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Wednesday, February 26, 2003

I made dinner again for Sugar, and she didn't like it again. Maybe I need to learn from her brother how to make jambalaya.

Because I use over-the-ear headphones, and my hair is becoming too long, I'm having a struggle with my ears getting my headphones straight. I am getting too old to have hair this long, but then I guess the members of Oasis are too.

Monday, February 24, 2003

I am so freaking tired.

This is the best beginning XML tutorial I've almost read.

Thursday, February 20, 2003

Gotta love The Guardian, especially when they tear into the false argument that opposition to war in Iraq is appeasment. (from Megnut)

Speaking of the hawks (e.g. Wolfowitz), read Michael Tomasky's guest piece on Altercation about the Defense Planning Guidance document published during Bush 41's reign. Bush 41 distanced himself from it; it is the GDubya doctrine. And it's in writing!

The Dems are laying low on Iraq, and I have been wondering if that was good idea. This bloke from USAToday thinks so (from Altercation). I guess if Dems forge a "silent dissent" from the President's policies, the Dems have nothing to lose. This is the reason why the White House hawks have little interest in currying support for this irrational war. Think of it from the White House's point of view: if things go well, everyone (including the UN) will take credit anyway. If things go badly, everyone will carp anyway. From the hawks' perspective, the US is alone anyway — existentially? — so to spend effort getting people to get with you is effort wasted.

This is no way to run an empire.

Tuesday, February 18, 2003

Note to self: don't ever eat Doritos Salsa! again. In fact, steer clear of all snack foods that employ exclamation marks.

If a doctor handed you a strong medication--saying you had no choice but to swallow it--but didn't talk to you about the host of new ailments and problems that might be caused by the medication, that would be damn irresponsible. Well, meet George W. Bush, M.D. He has been claiming the United States must take the most extreme measure--war--to keep itself safe and healthy. Yet he has refused to address the knotty matters (post-op complications?) that will follow in the wake of war.

- David Corn, Bush's Presidential Malpractice

In reading the Blogger/Google thread on blogroots, I saw mathowie linking to the KM section in their blogger book and it was like, "whoa, I need to read this." Funny how the big big news brings you to the smaller, more interesting stuff. Once again, the web.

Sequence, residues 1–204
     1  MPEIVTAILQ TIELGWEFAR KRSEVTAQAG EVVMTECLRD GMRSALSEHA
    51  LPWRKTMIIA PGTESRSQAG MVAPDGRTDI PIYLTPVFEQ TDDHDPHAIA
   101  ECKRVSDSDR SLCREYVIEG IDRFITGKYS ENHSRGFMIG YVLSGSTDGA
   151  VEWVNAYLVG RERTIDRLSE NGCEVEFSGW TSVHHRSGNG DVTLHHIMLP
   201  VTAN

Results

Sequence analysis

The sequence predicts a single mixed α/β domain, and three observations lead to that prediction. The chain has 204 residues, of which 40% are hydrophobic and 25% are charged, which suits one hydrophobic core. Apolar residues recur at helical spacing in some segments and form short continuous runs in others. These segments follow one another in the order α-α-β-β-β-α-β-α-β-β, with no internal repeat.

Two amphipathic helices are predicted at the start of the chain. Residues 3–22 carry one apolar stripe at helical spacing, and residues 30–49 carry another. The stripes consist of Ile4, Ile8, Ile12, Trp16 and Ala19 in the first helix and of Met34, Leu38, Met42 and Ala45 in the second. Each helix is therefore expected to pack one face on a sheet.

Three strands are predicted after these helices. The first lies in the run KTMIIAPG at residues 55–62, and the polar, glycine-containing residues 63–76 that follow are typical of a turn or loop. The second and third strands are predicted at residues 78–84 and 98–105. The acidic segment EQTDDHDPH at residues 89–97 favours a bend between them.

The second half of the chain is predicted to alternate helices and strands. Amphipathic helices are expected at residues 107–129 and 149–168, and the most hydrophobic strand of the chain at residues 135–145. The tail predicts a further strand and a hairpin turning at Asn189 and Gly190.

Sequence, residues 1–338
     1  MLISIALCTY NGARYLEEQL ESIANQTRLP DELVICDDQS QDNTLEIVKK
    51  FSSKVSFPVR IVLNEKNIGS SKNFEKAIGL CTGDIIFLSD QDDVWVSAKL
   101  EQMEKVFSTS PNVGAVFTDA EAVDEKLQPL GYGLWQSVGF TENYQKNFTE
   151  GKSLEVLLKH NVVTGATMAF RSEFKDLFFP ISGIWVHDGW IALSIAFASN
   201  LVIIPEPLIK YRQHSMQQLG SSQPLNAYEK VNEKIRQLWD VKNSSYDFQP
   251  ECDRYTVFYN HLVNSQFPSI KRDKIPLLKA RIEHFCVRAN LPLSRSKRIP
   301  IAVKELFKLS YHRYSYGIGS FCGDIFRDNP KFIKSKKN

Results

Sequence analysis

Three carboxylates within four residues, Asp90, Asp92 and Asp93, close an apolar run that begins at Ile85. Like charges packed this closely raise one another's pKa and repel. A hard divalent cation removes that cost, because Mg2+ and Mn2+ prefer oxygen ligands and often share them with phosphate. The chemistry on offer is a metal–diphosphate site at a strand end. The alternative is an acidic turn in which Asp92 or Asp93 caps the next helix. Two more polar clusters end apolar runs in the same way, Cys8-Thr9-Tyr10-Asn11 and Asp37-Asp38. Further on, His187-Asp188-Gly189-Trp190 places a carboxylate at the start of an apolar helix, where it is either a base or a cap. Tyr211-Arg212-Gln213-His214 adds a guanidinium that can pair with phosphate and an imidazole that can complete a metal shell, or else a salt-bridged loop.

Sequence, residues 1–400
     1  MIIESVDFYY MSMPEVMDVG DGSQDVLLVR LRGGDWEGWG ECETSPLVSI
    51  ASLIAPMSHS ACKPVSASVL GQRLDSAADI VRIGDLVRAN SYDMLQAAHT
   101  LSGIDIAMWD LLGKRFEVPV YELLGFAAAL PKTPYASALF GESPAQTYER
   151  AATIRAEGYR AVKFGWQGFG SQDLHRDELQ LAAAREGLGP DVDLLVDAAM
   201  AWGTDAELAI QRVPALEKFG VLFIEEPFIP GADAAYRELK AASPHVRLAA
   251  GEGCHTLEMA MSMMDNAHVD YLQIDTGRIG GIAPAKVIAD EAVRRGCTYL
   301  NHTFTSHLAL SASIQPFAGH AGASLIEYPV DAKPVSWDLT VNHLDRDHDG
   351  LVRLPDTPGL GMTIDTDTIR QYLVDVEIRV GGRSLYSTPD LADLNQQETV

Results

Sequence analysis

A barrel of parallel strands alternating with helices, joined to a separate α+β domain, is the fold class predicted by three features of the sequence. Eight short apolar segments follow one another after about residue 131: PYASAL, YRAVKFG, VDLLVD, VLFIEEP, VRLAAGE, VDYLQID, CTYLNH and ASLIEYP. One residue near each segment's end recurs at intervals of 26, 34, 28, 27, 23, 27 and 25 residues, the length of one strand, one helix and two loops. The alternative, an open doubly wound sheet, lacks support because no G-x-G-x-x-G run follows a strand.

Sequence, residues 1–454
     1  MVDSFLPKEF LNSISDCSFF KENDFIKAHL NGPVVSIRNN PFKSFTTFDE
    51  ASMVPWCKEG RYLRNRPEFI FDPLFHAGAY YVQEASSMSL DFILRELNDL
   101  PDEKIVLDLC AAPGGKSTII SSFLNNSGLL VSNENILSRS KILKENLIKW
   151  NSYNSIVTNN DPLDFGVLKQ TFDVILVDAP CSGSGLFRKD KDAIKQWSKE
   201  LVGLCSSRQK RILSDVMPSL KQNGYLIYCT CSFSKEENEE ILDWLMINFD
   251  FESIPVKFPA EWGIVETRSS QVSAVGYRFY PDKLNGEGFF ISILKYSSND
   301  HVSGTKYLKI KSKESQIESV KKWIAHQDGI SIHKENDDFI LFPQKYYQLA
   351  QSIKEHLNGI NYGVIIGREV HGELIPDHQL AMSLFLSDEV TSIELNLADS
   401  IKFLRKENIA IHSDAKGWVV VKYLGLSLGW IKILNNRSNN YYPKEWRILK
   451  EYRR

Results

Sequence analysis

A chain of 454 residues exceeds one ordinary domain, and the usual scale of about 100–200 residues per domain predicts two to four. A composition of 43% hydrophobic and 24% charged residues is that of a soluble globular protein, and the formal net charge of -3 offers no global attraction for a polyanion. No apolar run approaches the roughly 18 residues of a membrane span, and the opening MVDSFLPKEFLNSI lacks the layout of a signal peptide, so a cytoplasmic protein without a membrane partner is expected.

People at work talk about weird stuff. Ginko biloba. The South Korean arsonist. Mock-ups. The space program. That idiotic myth about "three generations of Americans on welfare."

Friday, February 14, 2003

Ah, yes, code chartreuse, or whatever level we're at, could it really be the reaction of our confused and frightened imagination?

A key piece of the information leading to recent terror alerts was fabricated, according to two senior law enforcement officials in Washington and New York.... Despite the fabricated report, there are no plans to change the threat level. Officials said other intelligence has been validated and that the high level of precautions is fully warranted

Neil Finn was great last night. And so was Rhett Miller, although I still distrust the David Cassidy hairdo.

Thursday, February 06, 2003

Everything I know about programming actually occupies little space. I'm facing that now while I prepare to work on something more complex than the stuff I've done before.I guess that happens when you learn: rather than things becoming easier, things that were difficult become mastered, and then newer difficulties open up. It's what Robert Fripp talks about when he talks about craft.

"There is nothing political about American literature," Laura Bush has said. But it would be hard to find writers more subversive than the three she chose for her event. Whitman's epic of radical democracy, Leaves of Grass, was so scandalous it got him fired from his government job; Hughes, a Communist sympathizer hounded by McCarthy, wrote constantly and indelibly about racism, injustice, power; Dickinson might seem the least political, but in some ways she was the most lastingly so--every line she wrote is an attack on complacency and conformity of manners, mores, religion, language, gender, thought. - Katha Politt, Poetry Makes Nothing Happen?

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